Looking for an examination copy?
If you are interested in the title for your course we can consider offering an examination copy. To register your interest please contact firstname.lastname@example.org providing details of the course you are teaching.
Since publication of Robert L. Hetzel's The Monetary Policy of the Federal Reserve (Cambridge University Press, 2008), the intellectual consensus that had characterized macroeconomics has disappeared. That consensus emphasized efficient markets, rational expectations, and the efficacy of the price system in assuring macroeconomic stability. The 2008–2009 recession not only destroyed the professional consensus about the kinds of models required to understand cyclical fluctuations but also revived the credit-cycle or asset-bubble explanations of recession that dominated thinking in the 19th and first half of the 20th century. These “market-disorder” views emphasize excessive risk taking in financial markets and the need for government regulation. The present book argues for the alternative “monetary-disorder” view of recessions. A review of cyclical instability over the last two centuries places the 2008–2009 recession in the monetary-disorder tradition, which focuses on the monetary instability created by central banks rather than on a boom-bust cycle in financial markets.Read more
- A comprehensive overview of the policies of central banks and regulators during the 2008–2009 recession
- Challenges readers to think about need for reform of the monetary standard and financial regulation, not to personify institutional failures or blame scapegoats
- A ready comprehension of complex issues of monetary policy through use of historical narrative
Not yet reviewed
Be the first to review
Review was not posted due to profanity×
- Date Published: April 2012
- format: Hardback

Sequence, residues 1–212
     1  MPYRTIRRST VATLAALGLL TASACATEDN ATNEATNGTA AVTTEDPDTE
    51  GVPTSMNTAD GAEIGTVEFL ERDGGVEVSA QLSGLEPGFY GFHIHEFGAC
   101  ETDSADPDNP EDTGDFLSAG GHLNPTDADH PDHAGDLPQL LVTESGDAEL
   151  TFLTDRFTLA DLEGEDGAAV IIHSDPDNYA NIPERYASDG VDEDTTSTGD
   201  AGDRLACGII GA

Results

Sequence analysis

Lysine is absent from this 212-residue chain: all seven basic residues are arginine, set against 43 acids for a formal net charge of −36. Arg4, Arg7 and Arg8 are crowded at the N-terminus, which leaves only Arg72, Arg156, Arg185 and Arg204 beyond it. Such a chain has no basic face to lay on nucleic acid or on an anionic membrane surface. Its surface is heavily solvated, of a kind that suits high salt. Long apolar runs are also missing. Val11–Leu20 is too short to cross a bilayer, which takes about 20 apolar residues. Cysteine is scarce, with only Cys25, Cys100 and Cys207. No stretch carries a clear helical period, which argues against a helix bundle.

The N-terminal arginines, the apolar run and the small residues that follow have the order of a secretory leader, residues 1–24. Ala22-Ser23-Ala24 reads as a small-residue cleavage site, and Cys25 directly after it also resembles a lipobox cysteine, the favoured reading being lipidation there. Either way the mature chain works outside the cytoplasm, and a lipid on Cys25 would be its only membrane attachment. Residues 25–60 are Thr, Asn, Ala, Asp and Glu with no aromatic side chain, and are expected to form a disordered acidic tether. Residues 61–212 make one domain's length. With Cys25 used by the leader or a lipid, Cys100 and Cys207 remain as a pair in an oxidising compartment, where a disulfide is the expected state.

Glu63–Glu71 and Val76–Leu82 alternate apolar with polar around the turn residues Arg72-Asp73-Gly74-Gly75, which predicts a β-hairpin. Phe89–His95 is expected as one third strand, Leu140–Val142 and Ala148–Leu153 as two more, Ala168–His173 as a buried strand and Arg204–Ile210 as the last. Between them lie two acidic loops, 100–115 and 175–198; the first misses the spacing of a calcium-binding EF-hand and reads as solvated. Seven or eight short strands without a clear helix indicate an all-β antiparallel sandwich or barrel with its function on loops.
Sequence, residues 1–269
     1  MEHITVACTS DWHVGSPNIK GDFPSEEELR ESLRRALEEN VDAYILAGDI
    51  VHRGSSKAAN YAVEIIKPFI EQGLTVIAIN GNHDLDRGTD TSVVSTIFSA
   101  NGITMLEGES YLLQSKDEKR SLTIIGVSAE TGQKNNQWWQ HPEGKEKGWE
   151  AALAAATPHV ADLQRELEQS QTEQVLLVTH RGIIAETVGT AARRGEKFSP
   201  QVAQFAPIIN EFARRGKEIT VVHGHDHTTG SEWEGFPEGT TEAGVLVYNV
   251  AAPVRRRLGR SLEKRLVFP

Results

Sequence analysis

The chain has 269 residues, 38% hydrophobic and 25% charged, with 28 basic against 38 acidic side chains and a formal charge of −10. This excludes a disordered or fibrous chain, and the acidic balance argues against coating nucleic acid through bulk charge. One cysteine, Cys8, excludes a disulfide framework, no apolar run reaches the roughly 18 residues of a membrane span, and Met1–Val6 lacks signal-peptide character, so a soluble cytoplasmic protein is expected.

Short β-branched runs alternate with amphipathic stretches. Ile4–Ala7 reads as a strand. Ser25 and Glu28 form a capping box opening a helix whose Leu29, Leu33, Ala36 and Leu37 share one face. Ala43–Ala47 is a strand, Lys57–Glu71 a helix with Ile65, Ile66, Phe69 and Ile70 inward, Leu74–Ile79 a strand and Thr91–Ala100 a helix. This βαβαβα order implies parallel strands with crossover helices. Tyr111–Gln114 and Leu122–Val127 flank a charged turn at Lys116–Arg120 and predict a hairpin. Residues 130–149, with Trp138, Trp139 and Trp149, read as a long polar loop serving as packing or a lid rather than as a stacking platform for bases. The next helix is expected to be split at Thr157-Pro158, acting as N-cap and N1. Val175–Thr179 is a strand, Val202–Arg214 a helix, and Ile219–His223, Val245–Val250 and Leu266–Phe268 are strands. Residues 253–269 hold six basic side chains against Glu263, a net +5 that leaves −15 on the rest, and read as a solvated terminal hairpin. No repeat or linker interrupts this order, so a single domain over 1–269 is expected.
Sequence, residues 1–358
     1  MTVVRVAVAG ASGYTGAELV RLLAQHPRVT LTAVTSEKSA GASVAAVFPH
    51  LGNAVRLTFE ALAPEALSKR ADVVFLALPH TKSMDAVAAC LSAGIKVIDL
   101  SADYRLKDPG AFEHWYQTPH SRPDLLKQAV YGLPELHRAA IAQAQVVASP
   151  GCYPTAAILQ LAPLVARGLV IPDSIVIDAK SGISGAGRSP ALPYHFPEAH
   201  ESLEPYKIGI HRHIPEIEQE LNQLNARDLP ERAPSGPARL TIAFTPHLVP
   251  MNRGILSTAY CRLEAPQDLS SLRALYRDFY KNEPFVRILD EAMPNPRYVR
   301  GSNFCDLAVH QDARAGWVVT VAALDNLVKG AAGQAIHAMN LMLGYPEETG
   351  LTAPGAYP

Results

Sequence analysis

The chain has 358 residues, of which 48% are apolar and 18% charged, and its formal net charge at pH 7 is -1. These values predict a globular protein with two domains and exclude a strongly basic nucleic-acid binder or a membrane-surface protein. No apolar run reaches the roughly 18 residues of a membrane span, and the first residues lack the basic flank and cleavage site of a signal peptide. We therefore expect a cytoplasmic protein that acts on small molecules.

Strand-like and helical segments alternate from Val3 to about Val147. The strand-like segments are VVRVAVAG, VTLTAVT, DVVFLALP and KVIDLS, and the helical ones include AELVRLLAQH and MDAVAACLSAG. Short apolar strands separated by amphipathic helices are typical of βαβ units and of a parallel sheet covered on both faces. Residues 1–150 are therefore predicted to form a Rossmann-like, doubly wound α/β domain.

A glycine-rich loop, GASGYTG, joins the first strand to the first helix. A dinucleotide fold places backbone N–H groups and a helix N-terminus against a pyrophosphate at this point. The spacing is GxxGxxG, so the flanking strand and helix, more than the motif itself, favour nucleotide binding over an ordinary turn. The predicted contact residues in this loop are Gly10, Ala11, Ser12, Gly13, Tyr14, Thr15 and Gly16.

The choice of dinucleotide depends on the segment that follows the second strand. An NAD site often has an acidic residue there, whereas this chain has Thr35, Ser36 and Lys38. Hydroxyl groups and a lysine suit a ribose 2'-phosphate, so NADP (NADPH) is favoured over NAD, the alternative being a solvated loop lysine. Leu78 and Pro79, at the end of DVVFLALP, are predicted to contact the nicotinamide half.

- isbn: 9781107011885
- length: 400 pages
- dimensions: 235 x 157 x 25 mm
- weight: 0.65kg
- contains: 64 b/w illus. 4 tables
- availability: In stock
Table of Contents
1. The 2008–9 recession: market or policymaker failure?
2. Recessions: financial instability or monetary mismanagement?
3. The great contraction:
4. Monetary policy and bank runs in the great contraction
5. Vigorous recovery and relapse:
6. Inter-war international monetary experiments
7. Identifying the shocks that cause recessions
8. From stop-go to the great moderation
9. Controlling bank risk taking: market or regulator discipline?
10. The housing crash: subsidizing housing and bank risk taking
11. Bubble trouble: easy money in 2003 and 2004?
12. What caused the great recession of 2008–9?
13. What caused the great leverage collapse?
14. The distinctions between credit, monetary, and liquidity policy
15. Fed market interventions: the experiment with credit policy
16. Evaluating policy: what are the relevant counterfactuals?
17. The business cycle: inherent instability or monetary instability?
18. Why is learning so hard?
19. How should society regulate capitalism: rules vs. discretion?
Instructors have used or reviewed this title for the following courses
- International Finance
- Macroeconomics for MBA
- Monetary Theory and Policy
Sorry, this resource is locked
Please register or sign in to request access. If you are having problems accessing these resources please email email@example.comRegister Sign in
You are now leaving the Cambridge University Press website. Your eBook purchase and download will be completed by our partner www.ebooks.com. Please see the permission section of the www.ebooks.com catalogue page for details of the print & copy limits on our eBooks.Continue ×